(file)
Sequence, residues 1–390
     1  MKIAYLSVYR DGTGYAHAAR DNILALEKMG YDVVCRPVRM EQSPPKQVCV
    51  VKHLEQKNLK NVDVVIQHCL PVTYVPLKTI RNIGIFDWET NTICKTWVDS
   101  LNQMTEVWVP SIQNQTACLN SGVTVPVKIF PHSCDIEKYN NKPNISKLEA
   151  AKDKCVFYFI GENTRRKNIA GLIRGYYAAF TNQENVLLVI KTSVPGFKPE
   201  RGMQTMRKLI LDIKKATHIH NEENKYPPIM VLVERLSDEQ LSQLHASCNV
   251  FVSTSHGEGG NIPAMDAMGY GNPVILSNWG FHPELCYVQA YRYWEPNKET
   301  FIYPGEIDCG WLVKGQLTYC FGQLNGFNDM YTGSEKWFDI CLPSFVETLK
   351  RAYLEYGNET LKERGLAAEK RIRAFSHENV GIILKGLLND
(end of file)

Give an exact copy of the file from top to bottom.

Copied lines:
Sequence, residues 1–390
     1  MKIAYLSVYR DGTGYAHAAR DNILALEKMG YDVVCRPVRM EQSPPKQVCV
    51  VKHLEQKNLK NVDVVIQHCL PVTYVPLKTI RNIGIFDWET NTICKTWVDS
   101  LNQMTEVWVP SIQNQTACLN SGVTVPVKIF PHSCDIEKYN NKPNISKLEA
   151  AKDKCVFYFI GENTRRKNIA GLIRGYYAAF TNQENVLLVI KTSVPGFKPE
   201  RGMQTMRKLI LDIKKATHIH NEENKYPPIM VLVERLSDEQ LSQLHASCNV
   251  FVSTSHGEGG NIPAMDAMGY GNPVILSNWG FHPELCYVQA YRYWEPNKET
   301  FIYPGEIDCG WLVKGQLTYC FGQLNGFNDM YTGSEKWFDI CLPSFVETLK
   351  RAYLEYGNET LKERGLAAEK RIRAFSHENV GIILKGLLND